I can still remember my first snow day. It was actually a cold day, as temperatures dipped below -30 degrees Fahrenheit. The shrill of the telephone cut into my dreams. Rubbing my eyes, I padded out of my room and into my parents’ bedroom. I squinted as my dad nodded into the receiver. He told me simply, “No school today. Go back to bed. You’ll spend the day with Nana.”
The moment, that day was magical. I remember eventually crawling out of bed and practically dancing my way into the living room where I met my grandma in front of the box of a television that was blasting out a warning about going outdoors. The cold meant nothing to me. I was a seven-year-old bundled in plush pajamas, wrapped in a pink fuzzy robe. My grandma hugged me close, handed me a cup of cocoa, and commented on how perfectly it all worked out that she was staying with us for the week. Then, we got to mapping out our day together, planning all the fun we’d have.
For over a decade, whenever school was canceled on account of snow or cold, I rejoiced, allowing my mind to drift back to that day. Then, I went to work in a Title 1 school where nearly 80% of students were served either free or reduced-cost lunches. For many kids, it was their only real meal of the day. That’s when I realized the hidden cost of snow days.
The Fear of Missing Out…on Food
I work in a more affluent school now*, but well over 25% of our students are on free-and-reduced-lunch meal plans and about a dozen students are classified as homeless. Should families be able to provide meals for their kids? Undoubtedly. Do families want to be able to provide meals for this kids? Absolutely. But the reality of the matter for many families is these free or discounted lunches are part of the process of making ends meet. While it is easy to get lost in the madness of finger pointing, the math is simple: ¼ of the students who attend my school may not eat lunch. That’s the cost of a snow day.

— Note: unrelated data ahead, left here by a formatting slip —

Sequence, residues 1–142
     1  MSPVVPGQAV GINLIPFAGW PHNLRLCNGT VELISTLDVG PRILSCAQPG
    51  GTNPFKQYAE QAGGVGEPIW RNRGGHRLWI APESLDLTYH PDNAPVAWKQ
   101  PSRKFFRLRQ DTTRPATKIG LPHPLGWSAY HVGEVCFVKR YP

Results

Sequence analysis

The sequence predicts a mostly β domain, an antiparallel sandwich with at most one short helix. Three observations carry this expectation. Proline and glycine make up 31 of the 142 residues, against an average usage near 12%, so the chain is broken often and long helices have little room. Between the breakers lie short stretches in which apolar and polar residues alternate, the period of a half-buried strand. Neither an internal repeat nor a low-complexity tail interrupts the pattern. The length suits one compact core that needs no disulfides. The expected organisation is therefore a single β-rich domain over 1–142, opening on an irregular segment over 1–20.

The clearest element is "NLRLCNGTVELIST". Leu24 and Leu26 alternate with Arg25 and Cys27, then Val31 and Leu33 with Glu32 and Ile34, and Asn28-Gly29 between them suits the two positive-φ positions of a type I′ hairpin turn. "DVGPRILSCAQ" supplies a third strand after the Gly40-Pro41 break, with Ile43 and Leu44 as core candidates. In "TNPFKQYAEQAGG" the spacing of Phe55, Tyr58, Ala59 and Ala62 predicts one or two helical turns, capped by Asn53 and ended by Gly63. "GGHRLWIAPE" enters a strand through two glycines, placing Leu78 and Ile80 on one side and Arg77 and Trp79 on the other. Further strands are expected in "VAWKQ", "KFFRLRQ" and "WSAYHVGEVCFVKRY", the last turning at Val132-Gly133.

The Price of Staying Home
In addition to being faced with the prospect of providing an extra meal for their kids, families also have to contend with child care. Most of my students simply stay home alone. Not only is childcare expensive, it’s also difficult to schedule with most cold- and snow-day decisions being made an hour or two before the school day begins. Do I object to middle schoolers staying home alone? Not outright. In fact, some of my students are probably more responsible than some adults. But babysitting for neighbors or siblings on a idyllic summer day is quite the contrast to staying home during a snowstorm. Does a twelve-year-old know how to combat freezing pipes or restart a pilot light in a furnace? It’s not an ideal situation for anyone to have to face.
Of course, I understand that some storms are so treacherous that it is a liability to let little ones walk to school. Some days, the roads are virtually impassable for buses. And don’t even get me started on how most middle schoolers–regardless of socioeconomic status–don’t understand the concept of dressing for the weather. Snow days are indisputably tough calls. I’m not saying that they’re never merited. But I do think it’s time to stop hoping for them.
*Not by choice. By legislation, red tape, and seemingly endless budget cuts that have only been recently mitigated by the record number of teachers willingly leaving the profession. Another story for another day.
So Tell Me…How do you feel about snow days?